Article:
1Dept. of Industrial Engineering, Sharif University of Technology, Tehran, Zip 14588,Iran
2Dept. of Systems Engineering and Operations Research, George Mason University, Fairfax, VA22030, USA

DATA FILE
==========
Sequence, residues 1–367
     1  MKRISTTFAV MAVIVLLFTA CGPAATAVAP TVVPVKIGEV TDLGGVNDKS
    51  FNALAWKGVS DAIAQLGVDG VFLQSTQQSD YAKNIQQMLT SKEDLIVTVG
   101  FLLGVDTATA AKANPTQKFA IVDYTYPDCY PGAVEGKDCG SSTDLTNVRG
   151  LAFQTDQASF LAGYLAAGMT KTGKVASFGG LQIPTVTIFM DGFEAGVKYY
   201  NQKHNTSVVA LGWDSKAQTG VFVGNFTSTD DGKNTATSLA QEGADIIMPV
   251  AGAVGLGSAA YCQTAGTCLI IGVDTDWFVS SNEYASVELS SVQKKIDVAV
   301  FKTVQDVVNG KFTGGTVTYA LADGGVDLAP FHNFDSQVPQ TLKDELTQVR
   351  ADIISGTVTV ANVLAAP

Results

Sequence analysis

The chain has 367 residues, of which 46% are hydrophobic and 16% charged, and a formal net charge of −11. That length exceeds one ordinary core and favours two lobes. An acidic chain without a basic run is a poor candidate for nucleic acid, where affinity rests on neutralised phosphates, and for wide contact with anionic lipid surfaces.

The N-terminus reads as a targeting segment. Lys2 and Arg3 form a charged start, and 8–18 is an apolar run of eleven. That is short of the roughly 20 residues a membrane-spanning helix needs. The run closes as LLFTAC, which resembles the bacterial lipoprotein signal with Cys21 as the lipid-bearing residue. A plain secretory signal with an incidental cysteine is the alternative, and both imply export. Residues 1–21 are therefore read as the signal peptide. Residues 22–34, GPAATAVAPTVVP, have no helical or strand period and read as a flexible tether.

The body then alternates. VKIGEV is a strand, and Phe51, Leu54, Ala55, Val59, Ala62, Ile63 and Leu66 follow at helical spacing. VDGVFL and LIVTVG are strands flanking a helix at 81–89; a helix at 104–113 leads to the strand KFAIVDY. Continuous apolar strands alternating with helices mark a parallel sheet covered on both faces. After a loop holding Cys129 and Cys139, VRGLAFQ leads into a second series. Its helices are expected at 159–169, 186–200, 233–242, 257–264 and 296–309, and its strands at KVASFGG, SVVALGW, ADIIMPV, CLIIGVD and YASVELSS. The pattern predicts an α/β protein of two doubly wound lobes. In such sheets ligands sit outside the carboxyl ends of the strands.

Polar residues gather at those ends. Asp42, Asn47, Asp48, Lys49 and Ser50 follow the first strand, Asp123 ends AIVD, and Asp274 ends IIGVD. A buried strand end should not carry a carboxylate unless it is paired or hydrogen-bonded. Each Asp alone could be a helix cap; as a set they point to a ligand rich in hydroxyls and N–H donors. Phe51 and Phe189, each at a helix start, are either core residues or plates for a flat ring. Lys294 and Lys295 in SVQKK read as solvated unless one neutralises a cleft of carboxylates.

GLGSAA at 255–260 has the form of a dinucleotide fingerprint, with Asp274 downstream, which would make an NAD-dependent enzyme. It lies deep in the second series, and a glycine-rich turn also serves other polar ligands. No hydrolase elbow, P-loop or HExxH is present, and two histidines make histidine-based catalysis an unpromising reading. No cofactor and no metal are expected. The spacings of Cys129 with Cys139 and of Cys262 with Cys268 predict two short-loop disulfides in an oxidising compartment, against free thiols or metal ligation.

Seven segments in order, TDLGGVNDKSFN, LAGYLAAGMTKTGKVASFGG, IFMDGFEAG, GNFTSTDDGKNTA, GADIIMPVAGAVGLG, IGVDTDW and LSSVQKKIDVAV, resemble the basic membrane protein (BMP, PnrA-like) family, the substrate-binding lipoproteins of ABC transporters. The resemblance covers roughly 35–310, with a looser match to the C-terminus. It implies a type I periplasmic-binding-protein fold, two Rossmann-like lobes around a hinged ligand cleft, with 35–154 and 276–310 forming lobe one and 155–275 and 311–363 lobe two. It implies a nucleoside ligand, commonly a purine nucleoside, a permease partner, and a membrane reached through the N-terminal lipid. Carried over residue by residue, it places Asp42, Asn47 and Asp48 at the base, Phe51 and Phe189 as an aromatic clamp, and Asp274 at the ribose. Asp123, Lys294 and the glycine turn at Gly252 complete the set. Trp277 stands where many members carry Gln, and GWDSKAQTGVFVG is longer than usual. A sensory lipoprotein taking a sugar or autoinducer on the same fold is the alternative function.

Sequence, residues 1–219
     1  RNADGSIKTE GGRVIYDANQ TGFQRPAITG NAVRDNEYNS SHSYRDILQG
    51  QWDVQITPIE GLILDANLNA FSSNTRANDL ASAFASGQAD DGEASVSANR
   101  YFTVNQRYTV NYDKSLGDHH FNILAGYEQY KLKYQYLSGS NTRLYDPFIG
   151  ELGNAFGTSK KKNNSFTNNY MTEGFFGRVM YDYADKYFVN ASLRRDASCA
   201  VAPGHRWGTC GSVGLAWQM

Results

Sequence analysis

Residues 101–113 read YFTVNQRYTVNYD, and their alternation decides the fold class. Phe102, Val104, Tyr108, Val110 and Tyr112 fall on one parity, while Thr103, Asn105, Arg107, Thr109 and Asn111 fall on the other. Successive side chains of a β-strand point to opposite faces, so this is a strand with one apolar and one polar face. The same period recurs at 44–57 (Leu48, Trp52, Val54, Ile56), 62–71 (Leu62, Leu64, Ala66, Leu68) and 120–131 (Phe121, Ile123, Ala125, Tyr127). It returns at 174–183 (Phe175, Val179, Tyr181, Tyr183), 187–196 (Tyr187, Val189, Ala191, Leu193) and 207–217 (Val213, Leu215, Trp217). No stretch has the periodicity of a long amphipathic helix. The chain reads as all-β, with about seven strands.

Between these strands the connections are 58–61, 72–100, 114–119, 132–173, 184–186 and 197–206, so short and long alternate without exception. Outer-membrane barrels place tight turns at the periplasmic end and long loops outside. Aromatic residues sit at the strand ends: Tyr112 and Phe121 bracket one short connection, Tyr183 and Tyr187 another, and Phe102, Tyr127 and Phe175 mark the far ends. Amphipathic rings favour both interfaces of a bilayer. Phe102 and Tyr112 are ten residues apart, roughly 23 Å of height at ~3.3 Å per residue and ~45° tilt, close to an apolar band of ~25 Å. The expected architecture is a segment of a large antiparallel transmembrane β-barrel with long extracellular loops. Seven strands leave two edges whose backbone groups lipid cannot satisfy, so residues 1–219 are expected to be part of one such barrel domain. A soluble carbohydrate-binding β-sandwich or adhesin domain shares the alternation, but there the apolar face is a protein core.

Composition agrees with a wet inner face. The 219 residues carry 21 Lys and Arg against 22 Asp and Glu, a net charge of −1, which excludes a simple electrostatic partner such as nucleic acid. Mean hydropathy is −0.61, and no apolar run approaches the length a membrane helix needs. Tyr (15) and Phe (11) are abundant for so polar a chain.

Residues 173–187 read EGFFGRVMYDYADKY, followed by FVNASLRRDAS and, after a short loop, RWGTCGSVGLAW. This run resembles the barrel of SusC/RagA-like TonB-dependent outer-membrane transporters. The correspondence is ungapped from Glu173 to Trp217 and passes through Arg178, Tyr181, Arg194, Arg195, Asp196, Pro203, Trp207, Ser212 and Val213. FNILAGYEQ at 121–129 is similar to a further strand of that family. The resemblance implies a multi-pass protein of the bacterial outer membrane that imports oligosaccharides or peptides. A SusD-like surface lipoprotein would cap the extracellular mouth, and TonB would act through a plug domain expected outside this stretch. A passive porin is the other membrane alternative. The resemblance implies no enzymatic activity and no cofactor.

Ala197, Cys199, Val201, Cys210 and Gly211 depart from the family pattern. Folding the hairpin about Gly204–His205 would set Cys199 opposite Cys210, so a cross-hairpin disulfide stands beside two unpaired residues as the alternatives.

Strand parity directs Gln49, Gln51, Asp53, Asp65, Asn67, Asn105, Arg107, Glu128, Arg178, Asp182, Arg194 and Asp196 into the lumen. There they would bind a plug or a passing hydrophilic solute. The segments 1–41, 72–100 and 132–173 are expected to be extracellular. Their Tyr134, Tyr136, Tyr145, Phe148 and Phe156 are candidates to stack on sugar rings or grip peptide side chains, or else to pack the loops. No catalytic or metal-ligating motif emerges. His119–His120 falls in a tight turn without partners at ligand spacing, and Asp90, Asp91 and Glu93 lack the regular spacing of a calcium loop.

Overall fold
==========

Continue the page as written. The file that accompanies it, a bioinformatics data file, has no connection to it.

As the demand for the civil aviation has been growing for decades and the system becoming increasingly complex, the use of systems engineering and operations research tools have shown to be of further use in managing this system. In this study, we apply such tools in managing landing operations on runways (as the bottleneck and highly valuable resources of air transportation networks) to handle its optimal and safe usage. We consider a uniform aircraft fleet mix landing on a runway with two major landing risks of wake-vortex encounter and simultaneous runway occupancy. Here, we empirically estimate minimum safe wake-vortex separation thresholds, extend go-around procedure to avoid wake-vortex encounter, and enforce the go-arounds assumed to be risk free. We introduce cost-benefit factors to study implications of enforced go-arounds, and develop models to adjust the average separation to maximize the net economic outcome. This also estimates the runway’s true landing capacity, and provides a ground for quantifying effect of separation variance on optimal throughput. An estimation of the economic effect of wake-vortex phenomenon is also presented. Illustrations are provided through real world data.
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